Kenyan President Uhuru Kenyatta on Tuesday signed into law a controversial bill that legalises polygamy for men, overriding criticisms from women’s groups, female parliamentarians and Christian leaders.
A statement from the presidency confirmed that the bill, which it said "consolidates various laws relating to marriage," had been signed into law.
The bill, which amended previous marriage legislation, was passed by parliament last month following heated late-night debates that saw female lawmakers storm out of the room in protest.
Supporters of the new law say it brings civil legislation in line with customary practices. While polygamous unions are common among many Kenyan tribal groups, multiple partner unions were previously not recognised by the state.
Speaking to the Associated Press on Tuesday, lawyer Judy Thongori said previous marriage laws were made by British colonialists before Kenya gained independence in 1963 and did not reflect the value systems of indigenous populations.
Kenyatta – who faces crimes against humanity charges at the ICC (International Criminal Court) for ethnic violence following the 2007 presidential election – was elected into office last year after running an anti-Western campaign that particularly targeted the US and Kenya’s former colonial power.
The presidential statement released Tuesday noted that, “Marriage is the voluntary union of a man and a woman, whether in a monogamous or polygamous union."
Kenyan women however are not permitted to marry more than one man.
What do the scriptures say?
The new legislation has been mired in controversy and has been condemned by Kenyan women’s rights as well as church groups.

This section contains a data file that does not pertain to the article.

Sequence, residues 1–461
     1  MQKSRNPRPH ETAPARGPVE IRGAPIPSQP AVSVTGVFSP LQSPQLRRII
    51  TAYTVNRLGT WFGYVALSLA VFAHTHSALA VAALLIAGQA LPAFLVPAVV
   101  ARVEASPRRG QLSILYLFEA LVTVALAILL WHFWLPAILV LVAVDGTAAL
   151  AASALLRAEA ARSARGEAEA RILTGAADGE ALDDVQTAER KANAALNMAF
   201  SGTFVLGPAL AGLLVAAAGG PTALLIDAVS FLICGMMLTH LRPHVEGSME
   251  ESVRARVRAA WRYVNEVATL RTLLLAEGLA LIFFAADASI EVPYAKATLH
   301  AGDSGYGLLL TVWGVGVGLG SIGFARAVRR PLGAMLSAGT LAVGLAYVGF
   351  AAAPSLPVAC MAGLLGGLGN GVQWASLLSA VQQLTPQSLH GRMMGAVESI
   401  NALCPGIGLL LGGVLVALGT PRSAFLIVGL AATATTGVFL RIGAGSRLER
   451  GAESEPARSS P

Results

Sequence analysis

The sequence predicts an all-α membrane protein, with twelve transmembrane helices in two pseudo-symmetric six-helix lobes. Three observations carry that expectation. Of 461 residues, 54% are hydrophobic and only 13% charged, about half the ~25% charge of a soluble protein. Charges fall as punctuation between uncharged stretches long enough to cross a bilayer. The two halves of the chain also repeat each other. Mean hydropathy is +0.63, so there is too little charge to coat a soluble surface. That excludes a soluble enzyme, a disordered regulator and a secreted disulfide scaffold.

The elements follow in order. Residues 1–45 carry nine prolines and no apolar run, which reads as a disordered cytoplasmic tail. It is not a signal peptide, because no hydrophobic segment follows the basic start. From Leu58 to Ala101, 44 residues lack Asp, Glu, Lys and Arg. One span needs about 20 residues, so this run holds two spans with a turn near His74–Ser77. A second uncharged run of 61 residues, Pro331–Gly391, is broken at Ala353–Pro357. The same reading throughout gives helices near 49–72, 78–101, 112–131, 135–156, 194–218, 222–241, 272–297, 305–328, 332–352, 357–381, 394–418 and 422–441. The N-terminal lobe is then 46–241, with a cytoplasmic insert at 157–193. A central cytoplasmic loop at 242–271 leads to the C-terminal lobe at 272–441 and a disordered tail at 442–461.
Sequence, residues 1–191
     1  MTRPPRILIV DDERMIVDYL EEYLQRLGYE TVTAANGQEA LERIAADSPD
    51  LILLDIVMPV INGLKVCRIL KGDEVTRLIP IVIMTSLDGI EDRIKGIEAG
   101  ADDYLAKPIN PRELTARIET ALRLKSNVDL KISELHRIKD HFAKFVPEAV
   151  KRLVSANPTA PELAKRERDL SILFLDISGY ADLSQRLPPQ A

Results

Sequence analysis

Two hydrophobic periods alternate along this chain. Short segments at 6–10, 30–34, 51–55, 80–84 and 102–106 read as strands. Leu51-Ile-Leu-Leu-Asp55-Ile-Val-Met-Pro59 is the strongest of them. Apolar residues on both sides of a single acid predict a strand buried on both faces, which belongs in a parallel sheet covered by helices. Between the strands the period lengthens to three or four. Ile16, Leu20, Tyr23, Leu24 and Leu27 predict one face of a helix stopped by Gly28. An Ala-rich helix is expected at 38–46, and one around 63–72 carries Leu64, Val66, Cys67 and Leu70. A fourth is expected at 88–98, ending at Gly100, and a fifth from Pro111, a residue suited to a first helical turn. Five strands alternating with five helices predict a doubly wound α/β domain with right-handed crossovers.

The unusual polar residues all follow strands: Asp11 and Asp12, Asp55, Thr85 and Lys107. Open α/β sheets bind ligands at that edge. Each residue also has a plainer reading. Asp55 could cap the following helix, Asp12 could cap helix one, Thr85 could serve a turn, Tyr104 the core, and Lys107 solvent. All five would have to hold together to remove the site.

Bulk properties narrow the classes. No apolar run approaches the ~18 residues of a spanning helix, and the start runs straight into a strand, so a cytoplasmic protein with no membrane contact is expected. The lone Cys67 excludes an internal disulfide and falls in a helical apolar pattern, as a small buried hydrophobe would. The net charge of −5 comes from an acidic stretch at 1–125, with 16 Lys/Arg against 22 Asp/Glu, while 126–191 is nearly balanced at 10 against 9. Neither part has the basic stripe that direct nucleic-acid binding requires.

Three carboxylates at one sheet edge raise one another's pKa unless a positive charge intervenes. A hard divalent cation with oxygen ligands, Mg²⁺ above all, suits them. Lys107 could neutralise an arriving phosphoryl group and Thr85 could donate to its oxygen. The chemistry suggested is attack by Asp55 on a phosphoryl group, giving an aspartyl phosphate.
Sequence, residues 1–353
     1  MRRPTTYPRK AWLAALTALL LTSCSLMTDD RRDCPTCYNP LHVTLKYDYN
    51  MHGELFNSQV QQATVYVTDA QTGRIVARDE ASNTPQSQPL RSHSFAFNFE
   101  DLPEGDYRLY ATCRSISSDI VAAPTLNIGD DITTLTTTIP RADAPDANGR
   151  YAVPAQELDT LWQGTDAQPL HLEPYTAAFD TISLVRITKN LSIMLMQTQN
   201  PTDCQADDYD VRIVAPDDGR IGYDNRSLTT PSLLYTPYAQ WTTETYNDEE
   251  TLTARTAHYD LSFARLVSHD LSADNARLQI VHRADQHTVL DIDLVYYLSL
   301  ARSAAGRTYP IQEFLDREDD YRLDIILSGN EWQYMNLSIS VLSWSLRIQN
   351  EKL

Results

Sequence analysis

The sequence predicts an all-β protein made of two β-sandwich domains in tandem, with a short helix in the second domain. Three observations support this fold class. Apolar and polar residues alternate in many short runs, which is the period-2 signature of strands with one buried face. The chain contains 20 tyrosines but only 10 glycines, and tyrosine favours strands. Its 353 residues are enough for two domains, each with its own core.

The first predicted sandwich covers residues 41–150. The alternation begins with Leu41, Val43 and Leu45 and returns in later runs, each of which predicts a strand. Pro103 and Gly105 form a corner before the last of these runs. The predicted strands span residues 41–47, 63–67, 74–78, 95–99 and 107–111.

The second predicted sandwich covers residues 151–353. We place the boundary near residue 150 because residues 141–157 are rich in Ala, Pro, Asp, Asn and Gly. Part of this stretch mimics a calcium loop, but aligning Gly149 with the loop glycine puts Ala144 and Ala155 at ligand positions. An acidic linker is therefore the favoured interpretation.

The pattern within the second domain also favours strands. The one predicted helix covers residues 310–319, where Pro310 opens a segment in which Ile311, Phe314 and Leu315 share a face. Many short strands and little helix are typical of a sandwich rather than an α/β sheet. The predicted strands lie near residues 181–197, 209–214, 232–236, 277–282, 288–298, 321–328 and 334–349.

The National Council of Churches in Kenya (NCCK), which groups more than 40 churches and Christian organisations from across the east African nation, has also spoken out against the bill.
"The tone of that bill, if it becomes law, would be demeaning to women since it does not respect the principle of equality of spouses in the institution of marriage," Archbishop Timothy Ndambuki from the NCCK was quoted by Kenya's Standard newspaper as saying before Kenyatta signed the bill into law.
But the acrimonious debate in Kenya’s male-dominated parliament saw the occasional quoting of scriptures to support polygamy.
“I want my Christian brothers to read the Old Testament; King David and King Solomon never consulted anybody to marry a second wife,” the Standard quoted parliamentarian Aden Duale as saying.
But his female colleagues vehemently disagreed, with MP Soipan Tuya telling parliament last month that, “we know that men are afraid of women's tongues more than anything else," before adding, "But at the end of the day, if you are the man of the house, and you choose to bring on another party – and they may be two or three – I think it behoves you to be man enough to agree that your wife and family should know."
‘When you marry an African woman…’
Traditionally, Kenyan men were expected to receive the consent of their first wives before taking on additional wives. An initial version of the bill had initially given a wife the right to veto the husband's choice, but male members of parliament overcame party divisions to push through a text that dropped this clause.
“When you marry an African woman, she must know the second one is on the way, and a third wife... this is Africa," MP Junet Mohammed told the house last month.
The new law does not put a cap on how many wives a man can have.
Kenyan women’s rights advocates have vowed to mount a campaign against the new move and the national Federation of Women Lawyers (FIDA Kenya) has said it would mount a legal challenge against the law.
Supporters of the new law say it abolishes the practice of unofficial traditional marriages which were not recognised by the state and failed to provide women support if the relationship ended.
Parliamentarians rejected a measure that entitled wives to 30% of matrimonial property upon divorce. The new law grants women equal property and inheritance rights.
But critics have noted that polygamous marriages complicate the division of matrimonial properties and could put women at a severe disadvantage.
Date created : 2014-04-30